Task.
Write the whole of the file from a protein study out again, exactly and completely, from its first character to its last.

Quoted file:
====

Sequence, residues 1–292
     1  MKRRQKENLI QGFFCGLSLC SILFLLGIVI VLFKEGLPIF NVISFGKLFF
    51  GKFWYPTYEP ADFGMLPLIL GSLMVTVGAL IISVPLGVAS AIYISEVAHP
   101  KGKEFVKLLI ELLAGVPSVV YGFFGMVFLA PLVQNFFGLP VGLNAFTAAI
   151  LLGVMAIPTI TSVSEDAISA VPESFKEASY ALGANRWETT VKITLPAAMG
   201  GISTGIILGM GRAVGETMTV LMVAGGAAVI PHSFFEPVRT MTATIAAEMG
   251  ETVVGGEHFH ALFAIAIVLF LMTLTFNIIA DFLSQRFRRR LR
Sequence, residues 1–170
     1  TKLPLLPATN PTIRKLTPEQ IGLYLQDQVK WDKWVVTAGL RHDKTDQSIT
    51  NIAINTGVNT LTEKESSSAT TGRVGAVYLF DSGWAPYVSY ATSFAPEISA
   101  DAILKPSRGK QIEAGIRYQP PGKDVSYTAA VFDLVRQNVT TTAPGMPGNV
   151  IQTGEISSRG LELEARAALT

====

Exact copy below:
Sequence, residues 1–292
     1  MKRRQKENLI QGFFCGLSLC SILFLLGIVI VLFKEGLPIF NVISFGKLFF
    51  GKFWYPTYEP ADFGMLPLIL GSLMVTVGAL IISVPLGVAS AIYISEVAHP
   101  KGKEFVKLLI ELLAGVPSVV YGFFGMVFLA PLVQNFFGLP VGLNAFTAAI
   151  LLGVMAIPTI TSVSEDAISA VPESFKEASY ALGANRWETT VKITLPAAMG
   201  GISTGIILGM GRAVGETMTV LMVAGGAAVI PHSFFEPVRT MTATIAAEMG
   251  ETVVGGEHFH ALFAIAIVLF LMTLTFNIIA DFLSQRFRRR LR
Sequence, residues 1–170
     1  TKLPLLPATN PTIRKLTPEQ IGLYLQDQVK WDKWVVTAGL RHDKTDQSIT
    51  NIAINTGVNT LTEKESSSAT TGRVGAVYLF DSGWAPYVSY ATSFAPEISA
   101  DAILKPSRGK QIEAGIRYQP PGKDVSYTAA VFDLVRQNVT TTAPGMPGNV
   151  IQTGEISSRG LELEARAALT